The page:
• Other financing services: To help your customers obtain the financing they need, you can resort to loans, credits, alternative mechanisms (such as factoring or confirming), or leasing (the leasing of a particular asset, leaving the door open to a possible purchase).
  • Issuance of other financial products: It can also advise and collaborate in the distribution of debt or structured products (those that combine two or more products into one) to provide companies with the liquidity they need.
Investment banking professionals can handle IPOs and advise during mergers and acquisitions

Types of investment banking

Just as there is no single type of banking, there is no single type of investment banking. To begin with, it is possible to divide these financial institutions according to whether their business model is focused on buying or selling. In other words, whether they belong to the buy-side or the sell-side.

In the first case, they focus on investing in different products and acquiring different assets to increase their clients’ wealth. In mergers and acquisitions, they advise companies wishing to purchase another company, establish a recommended price, and suggest financing alternatives.

In the second case, they are in charge of various sales transactions aimed at providing liquidity to their clients, such as, for example, IPOs or debt issuance. Again, during mergers and acquisitions, they search for potential buyers, acting as intermediaries and facilitating negotiations.

On the other hand, it is possible to differentiate three areas in any investment banking entity according to the activities carried out in them: the front office, the middle office, and the back office.

  • Front office: This is where all tasks more strictly related to finance take place, such as trading in shares or other products, fund management, reporting and recommendations, company evaluation, and M&A consulting. This area is the closest to the client and communicates directly with them.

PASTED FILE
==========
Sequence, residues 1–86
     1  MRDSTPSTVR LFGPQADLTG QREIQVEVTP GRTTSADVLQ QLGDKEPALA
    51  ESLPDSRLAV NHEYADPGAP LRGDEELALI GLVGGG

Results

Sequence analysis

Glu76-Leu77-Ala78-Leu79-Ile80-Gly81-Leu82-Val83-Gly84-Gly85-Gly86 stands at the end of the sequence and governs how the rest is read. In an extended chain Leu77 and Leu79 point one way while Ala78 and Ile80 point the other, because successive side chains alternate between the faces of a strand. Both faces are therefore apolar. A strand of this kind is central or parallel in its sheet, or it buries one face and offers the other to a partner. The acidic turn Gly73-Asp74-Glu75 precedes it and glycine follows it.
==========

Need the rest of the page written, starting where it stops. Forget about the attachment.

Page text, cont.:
• Middle office: In this area, audits and risk management are performed, corporate strategies are designed, treasury work is carried out, and internal controls are implemented.
  • Back office: Administration and accounting tasks resulting from the confirmation of a transaction are performed in the back office, the last of the areas where IT services are also developed.

A career with more participants

Although they share several aspects, investment banking and retail banking are entirely different worlds in terms of the target audience, the products that comprise their range of services, and the structure of the organizations themselves. And since the number of customers is smaller, resources are usually more optimized in the former, where there is more room to develop tailor-made services.

In any case, both are undergoing a radical transformation due to the emergence of the Internet. Like practically all sectors, these two types of banking are immersed in the leap to digitalization. And, unlike in the past, the bibs in this race are no longer so exclusive.

The rise of Fintechs and alternative financing platforms, such as Inversa Invoice Market, which often offer better conditions than conventional institutions, has substantially intensified competition. More and more individuals and companies are turning to these new channels to complement their investment strategies and meet their financing needs.